I was taught a throw in Muay Thai of all things, which they just call a "foot sweep," but I recognized it as a Judo throw. It is shown at 2:20 in the video linked below. It could be mistaken for one of the "ashi" throws in Judo, except that Uke's leg is not actually swept. The leg has weight on it, and Tori just blocks it from moving. The throw is accomplished not by moving Uke's leg, but by shifting this body over the blocked leg. I'd like to know the proper name of that throw.
The judo name is sasae tsurikomi ashi (propping, lifting-pulling leg). Your mechanics description matches this quite well. Done in a minimalist judo style, the leg is not kicked, but simply blocked.
To make my comment into an answer:
What you describe and the coach in the video explains is sasae-tsuri-komi-ashi: You block the forward foot and add a lifting and twisting movement to their front in order to have them eventually release the building tension into a breakfall.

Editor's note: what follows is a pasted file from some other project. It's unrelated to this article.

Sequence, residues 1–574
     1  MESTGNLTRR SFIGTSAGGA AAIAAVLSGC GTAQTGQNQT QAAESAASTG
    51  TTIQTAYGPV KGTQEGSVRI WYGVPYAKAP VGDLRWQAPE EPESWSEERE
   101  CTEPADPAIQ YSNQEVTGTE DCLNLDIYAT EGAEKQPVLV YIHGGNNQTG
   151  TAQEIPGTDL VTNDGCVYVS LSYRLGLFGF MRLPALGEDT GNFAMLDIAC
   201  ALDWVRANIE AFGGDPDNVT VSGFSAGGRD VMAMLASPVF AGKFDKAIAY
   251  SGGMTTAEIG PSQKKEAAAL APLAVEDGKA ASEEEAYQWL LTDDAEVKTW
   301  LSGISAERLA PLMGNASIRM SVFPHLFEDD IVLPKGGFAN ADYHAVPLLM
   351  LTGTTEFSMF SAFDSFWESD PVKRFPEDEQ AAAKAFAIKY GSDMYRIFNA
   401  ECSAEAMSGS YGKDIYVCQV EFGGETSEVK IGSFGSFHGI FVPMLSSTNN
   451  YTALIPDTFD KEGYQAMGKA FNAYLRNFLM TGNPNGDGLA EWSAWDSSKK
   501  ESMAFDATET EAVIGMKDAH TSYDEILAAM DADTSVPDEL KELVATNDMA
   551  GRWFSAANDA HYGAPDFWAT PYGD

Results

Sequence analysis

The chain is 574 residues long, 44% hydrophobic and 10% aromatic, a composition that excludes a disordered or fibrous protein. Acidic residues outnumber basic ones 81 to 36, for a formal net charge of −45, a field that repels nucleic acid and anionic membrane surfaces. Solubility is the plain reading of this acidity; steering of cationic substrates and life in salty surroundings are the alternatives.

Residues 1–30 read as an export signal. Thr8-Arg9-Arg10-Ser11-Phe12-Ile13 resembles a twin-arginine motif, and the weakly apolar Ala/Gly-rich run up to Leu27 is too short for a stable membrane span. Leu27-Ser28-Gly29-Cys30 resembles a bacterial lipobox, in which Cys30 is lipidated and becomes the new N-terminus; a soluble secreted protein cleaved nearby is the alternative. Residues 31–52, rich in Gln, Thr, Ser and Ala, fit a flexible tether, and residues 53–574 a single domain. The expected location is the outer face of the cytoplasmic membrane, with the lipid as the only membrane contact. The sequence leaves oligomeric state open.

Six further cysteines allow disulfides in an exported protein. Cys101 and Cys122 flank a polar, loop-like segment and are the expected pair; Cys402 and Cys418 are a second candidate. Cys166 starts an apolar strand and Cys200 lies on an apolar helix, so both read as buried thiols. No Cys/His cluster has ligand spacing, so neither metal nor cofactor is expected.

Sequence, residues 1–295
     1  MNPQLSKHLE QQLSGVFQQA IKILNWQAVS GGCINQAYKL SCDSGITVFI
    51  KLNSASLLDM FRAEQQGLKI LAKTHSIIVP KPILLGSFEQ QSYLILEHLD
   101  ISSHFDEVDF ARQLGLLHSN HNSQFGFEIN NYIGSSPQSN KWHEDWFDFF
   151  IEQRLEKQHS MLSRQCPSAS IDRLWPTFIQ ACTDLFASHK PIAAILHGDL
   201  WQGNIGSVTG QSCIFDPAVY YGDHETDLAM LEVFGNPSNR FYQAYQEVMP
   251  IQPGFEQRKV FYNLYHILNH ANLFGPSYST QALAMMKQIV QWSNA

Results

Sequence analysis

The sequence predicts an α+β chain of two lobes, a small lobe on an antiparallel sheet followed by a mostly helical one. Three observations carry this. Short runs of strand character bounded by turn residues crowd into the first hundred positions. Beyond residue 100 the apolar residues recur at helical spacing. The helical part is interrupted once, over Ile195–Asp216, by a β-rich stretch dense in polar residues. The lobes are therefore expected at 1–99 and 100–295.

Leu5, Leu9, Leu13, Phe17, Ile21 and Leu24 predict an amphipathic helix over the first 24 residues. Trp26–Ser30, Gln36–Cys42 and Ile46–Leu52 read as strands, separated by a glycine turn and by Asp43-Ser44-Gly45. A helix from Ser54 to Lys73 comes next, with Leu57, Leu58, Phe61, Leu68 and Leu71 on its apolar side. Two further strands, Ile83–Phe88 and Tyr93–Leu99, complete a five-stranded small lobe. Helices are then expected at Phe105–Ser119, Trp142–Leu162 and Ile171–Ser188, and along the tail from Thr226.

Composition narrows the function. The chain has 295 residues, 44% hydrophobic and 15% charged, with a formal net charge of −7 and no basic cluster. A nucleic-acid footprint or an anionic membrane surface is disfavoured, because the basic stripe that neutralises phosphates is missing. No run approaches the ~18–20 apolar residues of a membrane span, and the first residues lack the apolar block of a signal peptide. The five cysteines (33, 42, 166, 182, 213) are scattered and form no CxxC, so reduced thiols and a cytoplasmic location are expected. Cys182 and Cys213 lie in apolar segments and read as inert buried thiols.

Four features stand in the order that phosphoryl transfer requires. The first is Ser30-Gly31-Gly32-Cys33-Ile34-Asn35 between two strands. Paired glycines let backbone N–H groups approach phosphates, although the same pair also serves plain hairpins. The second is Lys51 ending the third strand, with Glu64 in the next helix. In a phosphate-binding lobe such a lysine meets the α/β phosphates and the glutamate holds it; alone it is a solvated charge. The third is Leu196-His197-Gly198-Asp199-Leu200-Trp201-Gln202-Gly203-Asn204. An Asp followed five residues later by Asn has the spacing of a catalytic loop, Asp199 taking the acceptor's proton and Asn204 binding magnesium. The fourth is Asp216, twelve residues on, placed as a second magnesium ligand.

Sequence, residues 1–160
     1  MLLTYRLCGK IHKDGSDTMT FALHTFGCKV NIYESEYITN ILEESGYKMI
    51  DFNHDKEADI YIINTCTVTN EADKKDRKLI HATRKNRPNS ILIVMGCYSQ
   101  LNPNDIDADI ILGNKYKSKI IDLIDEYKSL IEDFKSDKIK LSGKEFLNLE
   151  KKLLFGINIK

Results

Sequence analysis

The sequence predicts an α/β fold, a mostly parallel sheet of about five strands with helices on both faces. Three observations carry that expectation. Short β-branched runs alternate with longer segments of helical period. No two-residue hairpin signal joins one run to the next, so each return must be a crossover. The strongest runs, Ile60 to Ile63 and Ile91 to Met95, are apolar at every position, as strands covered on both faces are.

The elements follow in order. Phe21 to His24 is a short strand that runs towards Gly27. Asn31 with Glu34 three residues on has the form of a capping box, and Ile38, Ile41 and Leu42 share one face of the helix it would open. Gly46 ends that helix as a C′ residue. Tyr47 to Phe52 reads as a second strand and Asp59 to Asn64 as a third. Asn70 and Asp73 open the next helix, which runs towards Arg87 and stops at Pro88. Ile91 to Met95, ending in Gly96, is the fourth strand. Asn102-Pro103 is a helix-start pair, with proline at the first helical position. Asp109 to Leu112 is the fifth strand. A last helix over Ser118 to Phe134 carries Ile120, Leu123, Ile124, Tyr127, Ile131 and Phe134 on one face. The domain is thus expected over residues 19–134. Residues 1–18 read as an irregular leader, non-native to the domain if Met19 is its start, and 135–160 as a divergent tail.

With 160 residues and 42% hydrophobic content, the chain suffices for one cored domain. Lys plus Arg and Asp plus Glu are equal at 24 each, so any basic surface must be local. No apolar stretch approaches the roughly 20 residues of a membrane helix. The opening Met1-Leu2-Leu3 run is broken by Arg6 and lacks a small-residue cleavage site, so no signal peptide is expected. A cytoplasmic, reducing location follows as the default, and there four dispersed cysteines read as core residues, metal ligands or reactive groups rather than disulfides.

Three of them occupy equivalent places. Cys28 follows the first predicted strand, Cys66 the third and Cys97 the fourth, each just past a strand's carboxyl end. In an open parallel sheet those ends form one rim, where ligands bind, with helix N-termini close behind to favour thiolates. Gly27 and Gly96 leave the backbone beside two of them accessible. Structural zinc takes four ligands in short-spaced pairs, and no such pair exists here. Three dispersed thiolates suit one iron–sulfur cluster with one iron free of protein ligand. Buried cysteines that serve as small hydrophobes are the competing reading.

What they actually do in real-time execution, though, is going into the opponent, moving so that their center of gravity is under theirs, and sweep. That is a different throwing mechanics and thus a different throw: harai-tsuri-komi-ashi.
It is also not a hiza-guruma since you would have to position differently in order to block at the knee: you have to stand at the side of the opponent, not in front of them.
The reasons that this has to be labelled as harai-tsuri-komi-ashi are
- Hip contact
- Front positioning
- The leg is, in real-time, swept and not blocked. The thrower moves through without a stop. If he blocked, there would be an ever so slight stop of the leg movement at the moment of contact.
I agree with the previous suggestions Sasae-tsurikomi-ashi and Harai-tsurikomi-ashi, and I'd like to add Hiza-guruma into the mix.
In Hiza-guruma, the blocked leg is not the front one, but rather the back one. Tori blocks uke's knee (hiza), unbalances and tilts (guruma=wheel) uke sideways over the blocking leg.
Well, they are very similar looking, but method of throwing differs on each.